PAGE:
The Federal Bureau of Prisons (BOP), as a result of an inmate’s lawsuit, has ended its so-called “freeze frame” policy in which treatment for any person with gender identity disorder (GID) is maintained only at the level provided when the prisoner entered the federal prison system.
This restriction has meant that trans people with a GID diagnosis who had not undergone medical treatment prior to being incarcerated could not then have treatment for their medically recognized condition while serving their sentence.
This was the case for Vanessa Adams, a BOP inmate at FMC Butner in North Carolina. Ms. Adams, who has gender identity disorder, sued BOP in order to receive appropriate treatment for her medically recognized condition. She was forced to do this even though it was in fact BOP doctors that diagnosed her, told her what treatments were available, and characterized her condition as serious.
BOP has now changed its policy to allow for appropriate treatment of GID that does not stop at the level previously held prior to incarceration. This change was noted via two memoranda, dated May 31, 2011, and June 15, 2010, from BOP’s Medical Director to all BOP’s chief executive officers. The May 2011 memorandum ends:
In summary, inmates in the custody of the Bureau with a possible diagnosis of GID will receive a current individualized assessment and evaluation. Treatment options will not be precluded solely due to level of services received, or lack of services, prior to incarceration.
This information has has reportedly been given to all prisoners who have been diagnosed with GID, as well as to medical staff.
More on the case from the Gay & Lesbian Advocates & Defenders (GLAD) press release:
“BOP’s freeze frame policy trapped transgender prisoners in despair, leading often to depression, suicide attempts, and in many cases, serious self-harm, as was the case with Vanessa,” said Jennifer L. Levi, Transgender Rights Project Director for Gay & Lesbian Advocates & Defenders (GLAD).
When the suit was filed on February 24, 2009, Ms. Adams was at a federal prison in Florida. There she was being denied medically necessary hormone therapy and prevented from otherwise expressing a female gender identity because she had not received this treatment prior to her incarceration. In a June 7, 2010 ruling, Federal District Court Judge Joseph L. Tauro rejected BOP’s argument that Ms. Adams’ claim was moot because BOP had finally started Ms. Adams on hormone therapy.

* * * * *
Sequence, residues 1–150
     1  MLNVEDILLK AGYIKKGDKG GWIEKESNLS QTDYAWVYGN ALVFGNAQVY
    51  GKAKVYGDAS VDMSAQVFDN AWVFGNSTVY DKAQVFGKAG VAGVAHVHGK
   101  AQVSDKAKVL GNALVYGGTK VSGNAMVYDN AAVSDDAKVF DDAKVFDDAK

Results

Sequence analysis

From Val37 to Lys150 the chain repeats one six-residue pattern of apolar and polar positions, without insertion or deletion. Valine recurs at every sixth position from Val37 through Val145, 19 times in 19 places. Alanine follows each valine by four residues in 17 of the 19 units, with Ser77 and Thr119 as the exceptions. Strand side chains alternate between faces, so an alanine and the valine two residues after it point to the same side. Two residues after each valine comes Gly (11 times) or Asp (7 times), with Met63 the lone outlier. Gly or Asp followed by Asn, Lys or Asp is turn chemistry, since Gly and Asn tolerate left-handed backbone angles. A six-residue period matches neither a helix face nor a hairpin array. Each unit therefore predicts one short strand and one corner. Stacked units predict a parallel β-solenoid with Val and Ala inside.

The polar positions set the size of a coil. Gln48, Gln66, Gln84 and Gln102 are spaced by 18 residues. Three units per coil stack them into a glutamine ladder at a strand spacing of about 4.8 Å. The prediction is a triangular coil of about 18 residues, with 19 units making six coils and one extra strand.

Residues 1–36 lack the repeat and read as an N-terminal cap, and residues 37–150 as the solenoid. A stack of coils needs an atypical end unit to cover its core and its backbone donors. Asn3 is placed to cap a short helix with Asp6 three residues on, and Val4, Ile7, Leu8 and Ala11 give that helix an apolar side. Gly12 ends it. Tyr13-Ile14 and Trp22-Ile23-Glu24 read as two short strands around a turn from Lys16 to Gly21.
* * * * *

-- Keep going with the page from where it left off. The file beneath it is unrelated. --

Citing BOP’s consistently callous conduct toward Ms. Adams, the fact that BOP could stop her treatment at any time, and that BOP did not disavow its policy, Judge Tauro sent the case to mediation. With today’s settlement, the parties jointly agreed to end the case.
Cassandra Capobianco of Florida Institutional Legal Services said, “It is critical not only for Vanessa’s health and safety but for the good of other prisoners that BOP’s policy has been changed.”
“We applaud the BOP for getting rid of an unfair policy that has denied medically necessary care to many people. We hope that other state and county prison systems will follow BOP’s lead and eliminate discriminatory policies that are based on bias rather than medical need,” said Jody Marksamer, a staff attorney at the National Center for Lesbian Rights.
In addition to GLAD, Ms Adams was represented by Florida Institutional Legal Services (FILS), the National Center for Lesbian Rights (NCLR), Bingham McCutchen LLP, and Allyson Kurker.
Lawmakers in some states have moved to try and prevent trans inmates from accessing treatment for their medically recognized condition, most recently Michigan Representative Thomas Hooker who in August introduced a bill that would ban gender reassignment surgery for prisoners, and possibly all gender reassignment surgeries funded through tax payer assistance programs. You can read more on that here.
Read more: bop, Federal Bureau of Prisons, lgbt NC, lgbt North Carolina, lgbt rights, Michigan gop, prisoner rights, trans prisoners, transgender, transgender discrimination, transgender issues, transgender rights
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